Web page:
Category Archives: licensing

Second Life Moves to Open Source

Second Life has just announced that the Second Life client has been released under an open source license, and they described their move to open source as “inevitable”:

“At Linden, we have always been strong advocates of the use of open standards and the advantages of using open source products. Though Second Life makes abundant use of non-standard technologies, our basic UDP protocol message system for example, we rely on open standards and open source implementations when appropriate and available. Since many of the components that will make up this network are not yet done, we are not publishing long white papers or RFCs at this time — instead, we are giving everyone what we have along with a goal of producing those open standards with the input and assistance of the community that has brought Second Life to where it is now.

Releasing the source now is our next invitation to the world to help build this global space for communication, business, and entertainment. We are eager to work with the community and businesses to further our vision of our space.” (Quote from the Second Life Blog)

I also found it interesting that Linden Lab specified the GNU GPL version 2, rather than releasing it under the GPL and future versions … another company hedging its bets on the still under development GPL v3.

I think this is a great move for Linden Lab, and an astute business decision. By releasing the client software under open source, residents can modify their client experience, while Linden Lab continues to provide the server side code, which is where they make their revenue. Linden Lab is providing a more flexible environment for users, which should translate to additional users, and at the same time, they continue to have the revenue stream required to keep Second Life in business.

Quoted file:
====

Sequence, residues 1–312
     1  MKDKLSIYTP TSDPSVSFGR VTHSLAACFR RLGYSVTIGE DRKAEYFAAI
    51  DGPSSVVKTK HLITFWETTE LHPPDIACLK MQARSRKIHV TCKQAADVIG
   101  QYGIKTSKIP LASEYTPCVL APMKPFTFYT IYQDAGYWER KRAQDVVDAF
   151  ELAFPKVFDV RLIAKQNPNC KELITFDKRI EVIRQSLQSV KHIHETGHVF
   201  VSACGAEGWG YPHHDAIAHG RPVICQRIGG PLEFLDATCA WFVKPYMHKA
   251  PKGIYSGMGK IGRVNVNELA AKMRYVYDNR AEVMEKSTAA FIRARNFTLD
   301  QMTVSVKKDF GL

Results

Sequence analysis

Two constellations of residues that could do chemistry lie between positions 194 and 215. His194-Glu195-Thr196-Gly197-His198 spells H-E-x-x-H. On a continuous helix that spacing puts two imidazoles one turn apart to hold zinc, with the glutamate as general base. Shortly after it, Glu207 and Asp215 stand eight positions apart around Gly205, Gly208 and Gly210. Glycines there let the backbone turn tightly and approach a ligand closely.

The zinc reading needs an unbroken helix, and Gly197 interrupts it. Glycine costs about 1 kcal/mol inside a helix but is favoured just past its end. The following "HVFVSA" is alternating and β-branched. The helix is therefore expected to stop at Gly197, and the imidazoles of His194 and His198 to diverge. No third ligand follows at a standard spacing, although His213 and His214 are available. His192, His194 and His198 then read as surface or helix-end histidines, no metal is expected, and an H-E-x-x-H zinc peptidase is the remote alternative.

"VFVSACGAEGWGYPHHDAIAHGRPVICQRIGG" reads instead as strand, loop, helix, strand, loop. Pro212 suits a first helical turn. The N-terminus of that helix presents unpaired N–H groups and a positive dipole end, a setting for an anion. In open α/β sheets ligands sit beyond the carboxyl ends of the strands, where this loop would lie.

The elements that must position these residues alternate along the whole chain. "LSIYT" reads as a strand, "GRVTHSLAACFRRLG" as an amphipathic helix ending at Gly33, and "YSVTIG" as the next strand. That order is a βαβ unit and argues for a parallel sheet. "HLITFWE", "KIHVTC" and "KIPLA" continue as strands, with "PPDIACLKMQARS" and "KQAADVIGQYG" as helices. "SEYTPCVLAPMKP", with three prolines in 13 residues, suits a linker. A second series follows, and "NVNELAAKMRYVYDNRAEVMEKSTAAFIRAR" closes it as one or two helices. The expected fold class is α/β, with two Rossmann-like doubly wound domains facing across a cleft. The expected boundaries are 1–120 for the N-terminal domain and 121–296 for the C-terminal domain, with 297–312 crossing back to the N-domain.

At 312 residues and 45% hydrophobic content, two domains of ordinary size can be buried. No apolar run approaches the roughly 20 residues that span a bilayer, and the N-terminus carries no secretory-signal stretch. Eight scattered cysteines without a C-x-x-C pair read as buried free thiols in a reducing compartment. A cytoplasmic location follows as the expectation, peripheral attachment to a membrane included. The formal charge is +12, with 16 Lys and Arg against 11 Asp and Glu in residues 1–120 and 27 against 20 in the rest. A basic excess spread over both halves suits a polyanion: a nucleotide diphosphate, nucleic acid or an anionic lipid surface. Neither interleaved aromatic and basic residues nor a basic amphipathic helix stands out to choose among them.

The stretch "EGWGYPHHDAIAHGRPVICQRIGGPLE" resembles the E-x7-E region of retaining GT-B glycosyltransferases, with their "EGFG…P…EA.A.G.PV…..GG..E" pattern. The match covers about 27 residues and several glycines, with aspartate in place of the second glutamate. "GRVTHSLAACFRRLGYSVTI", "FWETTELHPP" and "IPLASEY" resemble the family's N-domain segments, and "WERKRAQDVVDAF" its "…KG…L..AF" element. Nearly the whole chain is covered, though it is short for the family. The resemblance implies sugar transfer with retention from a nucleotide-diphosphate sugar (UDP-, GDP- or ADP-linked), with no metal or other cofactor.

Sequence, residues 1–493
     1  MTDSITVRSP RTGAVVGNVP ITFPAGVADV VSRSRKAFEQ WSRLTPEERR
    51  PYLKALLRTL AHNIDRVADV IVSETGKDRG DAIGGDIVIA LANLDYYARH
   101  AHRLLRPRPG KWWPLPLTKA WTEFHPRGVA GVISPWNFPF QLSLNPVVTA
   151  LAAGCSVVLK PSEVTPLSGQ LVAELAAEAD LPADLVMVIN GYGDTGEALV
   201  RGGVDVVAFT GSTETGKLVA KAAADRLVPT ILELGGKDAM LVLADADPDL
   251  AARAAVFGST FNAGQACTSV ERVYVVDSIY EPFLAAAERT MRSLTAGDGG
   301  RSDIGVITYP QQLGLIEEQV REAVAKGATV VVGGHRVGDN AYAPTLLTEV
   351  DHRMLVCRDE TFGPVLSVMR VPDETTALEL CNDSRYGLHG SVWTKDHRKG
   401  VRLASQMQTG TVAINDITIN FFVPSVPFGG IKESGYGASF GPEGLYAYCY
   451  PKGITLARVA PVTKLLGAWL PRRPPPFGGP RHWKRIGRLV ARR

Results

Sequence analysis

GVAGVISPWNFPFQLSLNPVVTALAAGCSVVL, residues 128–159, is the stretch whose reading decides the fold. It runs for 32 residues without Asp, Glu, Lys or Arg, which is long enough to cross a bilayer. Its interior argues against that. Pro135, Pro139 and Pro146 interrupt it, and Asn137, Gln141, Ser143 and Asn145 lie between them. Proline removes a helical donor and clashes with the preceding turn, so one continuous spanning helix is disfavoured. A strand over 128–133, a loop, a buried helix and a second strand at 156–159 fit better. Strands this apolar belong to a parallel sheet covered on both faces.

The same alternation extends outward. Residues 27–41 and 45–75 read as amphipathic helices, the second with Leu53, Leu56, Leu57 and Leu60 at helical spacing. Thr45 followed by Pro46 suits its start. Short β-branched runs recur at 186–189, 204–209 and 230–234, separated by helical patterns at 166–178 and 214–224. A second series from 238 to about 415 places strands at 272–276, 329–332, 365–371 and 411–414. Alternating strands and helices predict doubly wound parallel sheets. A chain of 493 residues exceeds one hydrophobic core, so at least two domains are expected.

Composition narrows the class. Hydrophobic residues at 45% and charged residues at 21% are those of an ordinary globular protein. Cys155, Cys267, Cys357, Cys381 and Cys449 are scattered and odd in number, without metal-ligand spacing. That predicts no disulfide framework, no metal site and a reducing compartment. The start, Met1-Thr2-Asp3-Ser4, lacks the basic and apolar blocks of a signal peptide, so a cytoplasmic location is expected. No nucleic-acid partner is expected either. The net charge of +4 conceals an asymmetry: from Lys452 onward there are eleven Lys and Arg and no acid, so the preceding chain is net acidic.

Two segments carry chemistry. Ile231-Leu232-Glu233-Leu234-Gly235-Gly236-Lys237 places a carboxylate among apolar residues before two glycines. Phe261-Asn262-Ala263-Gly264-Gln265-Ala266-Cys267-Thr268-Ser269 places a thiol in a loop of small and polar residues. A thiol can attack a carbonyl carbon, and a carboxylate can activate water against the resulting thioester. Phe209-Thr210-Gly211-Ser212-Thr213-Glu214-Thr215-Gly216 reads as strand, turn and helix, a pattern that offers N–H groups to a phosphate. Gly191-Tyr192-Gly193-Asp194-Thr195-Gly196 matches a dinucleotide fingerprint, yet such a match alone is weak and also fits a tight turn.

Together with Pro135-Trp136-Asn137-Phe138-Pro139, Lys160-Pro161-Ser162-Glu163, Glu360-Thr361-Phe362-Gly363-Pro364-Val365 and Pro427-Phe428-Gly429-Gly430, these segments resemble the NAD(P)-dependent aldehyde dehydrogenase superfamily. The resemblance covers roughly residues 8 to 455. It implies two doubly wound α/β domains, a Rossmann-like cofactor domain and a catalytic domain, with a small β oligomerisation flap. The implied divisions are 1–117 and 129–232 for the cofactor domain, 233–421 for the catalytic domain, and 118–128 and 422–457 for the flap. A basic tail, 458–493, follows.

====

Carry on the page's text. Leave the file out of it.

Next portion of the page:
MySQL Hedges Bets on GPL

MySQL “kind of sort of (not really) changes its license model”. Until recently, MySQL was licensed under GPLv2 or later, but they have changed their license to be GPLv2 only. This may sound like a small change, but it is a significant (and smart change). Anyone licensed under GPLv2 or later will automatically convert to the GPLv3 when it is released. This gives MySQL the option to decide whether (or not) to move to the GPLv3, instead of automatically converting upon release of GPLv3. MySQL will have the opportunity to review the final version of the GPLv3 license and make an informed decision about which license makes the most sense for MySQL’s business needs.

Not every company (or project / organization) can change their license at will:

MySQL owns the copyright to its database code so can change the license any time it likes (and indeed offer the software under dual licenses). While the company is not ruling out a change to GPL v3 once it is completed, it is hedging its bets in case it does not like the results.” (Quote from Matthew Aslett on Computer Business Review Online)